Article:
S&P Global Chief Economist says balance of risks is clearly on the downside with recession probabilities rising, especially in the U.S.
Aggressive Federal Reserve policy spurred by ongoing price spikes will usher in low economic growth this year and perhaps a recession next year, which could push the central bank to reconsider guidance suggesting it will push rates further toward 4% in 2023, Global Chief Economist at S&P Global Ratings Paul Gruenwald told MNI.
In the Fed's projections released in June, the median central bank official penciled in a 3.4% fed funds rate by year-end and a terminal rate of 3.8% in 2023. Yet 2023 is when many economists, including Gruenwald, believe the economy might slip into recession as unemployment ticks up and consumer spending ebbs.
"The Fed is strongly focusing on the inflation numbers, and inflation expectations moving higher supports the Fed's overshoot argument, but maybe they'll need to slow down if there is a turn later on in consumption," he said.
"If inflation trends hold up, the Fed's got another 75 in the bag [in July] and then they're gonna see what happens, but the Fed is likely to peak out in 2023," Gruenwald added. "The recession risk is probably a bit earlier in 2023 relative to that peak and so it could be a bit awkward in the sense that the Fed is still seeing inflation pressure but the economy is slowing quickly and then there's a difficult judgment call."
Fed Chair Jerome Powell has ramped up commitments to raise rates, promising an "unconditional" fight to combat high prices, but has shown some uncertainty as to whether it will be necessary for the Fed to reach the range of 3.5-4% next year. New York Fed President John Williams told CNBC this week: "The thing that I have greater certainty about is we definitely need to get the funds rate up to between 3 and 3.5% by later this year."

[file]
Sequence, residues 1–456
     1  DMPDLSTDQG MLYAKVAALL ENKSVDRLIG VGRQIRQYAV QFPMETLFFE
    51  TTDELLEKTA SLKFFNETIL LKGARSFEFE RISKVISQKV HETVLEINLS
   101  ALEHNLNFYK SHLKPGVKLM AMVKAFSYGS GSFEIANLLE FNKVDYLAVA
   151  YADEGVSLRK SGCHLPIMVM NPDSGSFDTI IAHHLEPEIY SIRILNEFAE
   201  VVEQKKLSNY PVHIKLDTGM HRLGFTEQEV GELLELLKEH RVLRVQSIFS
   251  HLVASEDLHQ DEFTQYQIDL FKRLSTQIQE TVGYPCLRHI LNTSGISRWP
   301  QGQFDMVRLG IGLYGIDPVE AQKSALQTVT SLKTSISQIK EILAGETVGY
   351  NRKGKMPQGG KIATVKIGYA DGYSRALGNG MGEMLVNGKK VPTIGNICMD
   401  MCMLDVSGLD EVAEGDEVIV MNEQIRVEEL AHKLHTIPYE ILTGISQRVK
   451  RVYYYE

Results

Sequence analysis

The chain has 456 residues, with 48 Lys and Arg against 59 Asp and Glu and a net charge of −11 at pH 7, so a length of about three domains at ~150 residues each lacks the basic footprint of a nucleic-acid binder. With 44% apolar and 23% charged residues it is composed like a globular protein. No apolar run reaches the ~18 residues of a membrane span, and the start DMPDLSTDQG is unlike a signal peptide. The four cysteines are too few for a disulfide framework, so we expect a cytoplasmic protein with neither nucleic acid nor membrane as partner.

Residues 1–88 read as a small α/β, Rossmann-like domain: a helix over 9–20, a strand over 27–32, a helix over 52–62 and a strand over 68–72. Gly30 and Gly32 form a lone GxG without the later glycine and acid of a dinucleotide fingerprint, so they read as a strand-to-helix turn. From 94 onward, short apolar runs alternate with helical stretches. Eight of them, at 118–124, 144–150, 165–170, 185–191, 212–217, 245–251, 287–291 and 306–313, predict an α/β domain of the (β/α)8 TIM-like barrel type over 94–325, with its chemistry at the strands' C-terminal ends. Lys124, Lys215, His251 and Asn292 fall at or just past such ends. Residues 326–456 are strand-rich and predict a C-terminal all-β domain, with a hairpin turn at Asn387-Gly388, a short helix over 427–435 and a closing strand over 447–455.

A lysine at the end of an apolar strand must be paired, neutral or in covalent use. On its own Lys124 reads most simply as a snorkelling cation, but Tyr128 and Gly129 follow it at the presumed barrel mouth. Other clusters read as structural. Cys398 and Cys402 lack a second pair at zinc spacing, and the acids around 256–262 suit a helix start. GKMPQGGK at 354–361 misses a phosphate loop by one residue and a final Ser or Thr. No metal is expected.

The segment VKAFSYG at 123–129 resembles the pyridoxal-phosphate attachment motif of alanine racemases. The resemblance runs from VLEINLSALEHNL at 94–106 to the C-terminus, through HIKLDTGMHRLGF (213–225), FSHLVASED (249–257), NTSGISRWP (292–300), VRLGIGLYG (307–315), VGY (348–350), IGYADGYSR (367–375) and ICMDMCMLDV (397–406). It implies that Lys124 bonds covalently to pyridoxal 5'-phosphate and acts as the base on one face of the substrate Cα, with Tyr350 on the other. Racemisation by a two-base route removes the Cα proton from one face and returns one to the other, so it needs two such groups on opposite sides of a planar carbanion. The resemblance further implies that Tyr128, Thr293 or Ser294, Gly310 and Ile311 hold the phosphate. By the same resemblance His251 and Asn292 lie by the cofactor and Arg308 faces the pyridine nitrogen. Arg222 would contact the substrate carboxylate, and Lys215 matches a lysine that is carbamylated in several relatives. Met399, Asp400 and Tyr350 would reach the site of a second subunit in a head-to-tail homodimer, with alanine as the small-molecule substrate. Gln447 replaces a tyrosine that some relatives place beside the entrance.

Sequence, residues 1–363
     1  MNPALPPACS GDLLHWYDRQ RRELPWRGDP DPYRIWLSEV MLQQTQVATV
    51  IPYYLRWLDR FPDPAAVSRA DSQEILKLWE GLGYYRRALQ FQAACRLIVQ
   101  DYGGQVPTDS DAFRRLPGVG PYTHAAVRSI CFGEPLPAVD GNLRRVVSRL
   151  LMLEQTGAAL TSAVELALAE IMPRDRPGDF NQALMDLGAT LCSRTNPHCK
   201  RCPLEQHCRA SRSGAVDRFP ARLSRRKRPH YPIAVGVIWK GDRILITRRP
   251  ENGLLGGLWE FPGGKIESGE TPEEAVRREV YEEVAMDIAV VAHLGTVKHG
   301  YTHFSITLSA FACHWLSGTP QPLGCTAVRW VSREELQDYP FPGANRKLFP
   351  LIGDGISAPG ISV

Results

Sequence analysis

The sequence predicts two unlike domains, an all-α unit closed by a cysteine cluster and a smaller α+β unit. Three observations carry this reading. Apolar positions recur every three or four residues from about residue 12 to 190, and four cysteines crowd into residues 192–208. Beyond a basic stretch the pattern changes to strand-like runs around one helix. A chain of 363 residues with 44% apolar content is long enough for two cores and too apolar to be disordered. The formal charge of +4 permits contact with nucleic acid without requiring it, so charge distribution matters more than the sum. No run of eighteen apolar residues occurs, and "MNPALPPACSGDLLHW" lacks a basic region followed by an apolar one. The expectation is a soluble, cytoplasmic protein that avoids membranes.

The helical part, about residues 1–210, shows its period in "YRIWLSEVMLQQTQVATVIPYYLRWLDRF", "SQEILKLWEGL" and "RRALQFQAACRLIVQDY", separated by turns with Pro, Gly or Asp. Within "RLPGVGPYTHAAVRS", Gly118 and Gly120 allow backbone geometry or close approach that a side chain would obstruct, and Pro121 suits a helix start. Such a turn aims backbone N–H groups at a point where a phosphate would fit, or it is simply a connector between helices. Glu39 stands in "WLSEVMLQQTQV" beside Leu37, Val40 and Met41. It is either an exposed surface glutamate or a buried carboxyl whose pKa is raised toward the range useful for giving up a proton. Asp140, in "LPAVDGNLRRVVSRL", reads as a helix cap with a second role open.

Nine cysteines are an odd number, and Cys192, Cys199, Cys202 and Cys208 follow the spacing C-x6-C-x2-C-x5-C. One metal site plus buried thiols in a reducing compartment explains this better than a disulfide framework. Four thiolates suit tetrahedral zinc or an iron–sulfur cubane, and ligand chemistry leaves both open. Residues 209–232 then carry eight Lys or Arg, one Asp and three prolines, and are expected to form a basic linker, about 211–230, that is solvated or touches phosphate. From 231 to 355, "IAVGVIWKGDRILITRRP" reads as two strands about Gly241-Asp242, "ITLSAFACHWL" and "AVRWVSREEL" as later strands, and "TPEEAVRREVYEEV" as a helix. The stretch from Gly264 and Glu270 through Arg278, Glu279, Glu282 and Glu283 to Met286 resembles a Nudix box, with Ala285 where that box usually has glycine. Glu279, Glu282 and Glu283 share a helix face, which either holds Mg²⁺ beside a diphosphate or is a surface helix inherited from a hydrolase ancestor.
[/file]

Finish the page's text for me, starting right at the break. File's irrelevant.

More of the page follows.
While U.S. economic momentum will likely forestall a recession in 2022, the weight of high prices damaging consumer purchasing power, together with an aggressive Fed, make it difficult to see the American economy walking out of 2023 unscathed, Gruenwald said.
"A growth slowdown is inevitable, but the key question is whether we have a more serious recession," he said. "We seem to have leveled off, but we have been slipping on the growth rate over the last few quarters."
"If things start to slow down, and if the job market starts to go south and savings cushions start to wear out, that's when we get into the bad scenario," he said. "Consumption probably won't slow too much in 2022 but the danger is more in 2023."
S&P has downgraded forecasts for U.S. GDP, seeing growth at an annual rate of 2.4% this year and 1.6% next year, with the unemployment rate rising from 3.6% to 4.3% by year-end and to 4.6% by the end of 2024, above the Fed's 4.1% forecast. S&P is putting the odds of a recession in 2023 at 40%. Fed economists have told MNI they see little sign of a coming recession. (See: MNI INTERVIEW: US Inflation Has Likely Peaked-Fed’s Andolfatto)
Asked whether there is a speed at which the economy stalls, Gruenwald said falling asset prices, increasing borrowing costs and a stronger exchange rate are all tightening financial conditions. "When those factors come together with negative labor market momentum then that is a pretty good sign that we're going into a more serious downturn."